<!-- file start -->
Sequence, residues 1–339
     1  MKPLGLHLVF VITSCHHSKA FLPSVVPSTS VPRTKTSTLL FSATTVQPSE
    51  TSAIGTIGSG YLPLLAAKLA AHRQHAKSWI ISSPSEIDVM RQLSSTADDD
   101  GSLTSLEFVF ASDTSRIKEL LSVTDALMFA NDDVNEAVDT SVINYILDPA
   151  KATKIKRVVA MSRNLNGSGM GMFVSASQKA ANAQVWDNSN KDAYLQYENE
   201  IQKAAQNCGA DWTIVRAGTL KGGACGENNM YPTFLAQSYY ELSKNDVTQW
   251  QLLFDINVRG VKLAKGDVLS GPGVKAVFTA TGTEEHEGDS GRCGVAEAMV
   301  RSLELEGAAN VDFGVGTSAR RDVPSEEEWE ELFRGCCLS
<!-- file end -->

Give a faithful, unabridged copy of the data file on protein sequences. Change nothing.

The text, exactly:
Sequence, residues 1–339
     1  MKPLGLHLVF VITSCHHSKA FLPSVVPSTS VPRTKTSTLL FSATTVQPSE
    51  TSAIGTIGSG YLPLLAAKLA AHRQHAKSWI ISSPSEIDVM RQLSSTADDD
   101  GSLTSLEFVF ASDTSRIKEL LSVTDALMFA NDDVNEAVDT SVINYILDPA
   151  KATKIKRVVA MSRNLNGSGM GMFVSASQKA ANAQVWDNSN KDAYLQYENE
   201  IQKAAQNCGA DWTIVRAGTL KGGACGENNM YPTFLAQSYY ELSKNDVTQW
   251  QLLFDINVRG VKLAKGDVLS GPGVKAVFTA TGTEEHEGDS GRCGVAEAMV
   301  RSLELEGAAN VDFGVGTSAR RDVPSEEEWE ELFRGCCLS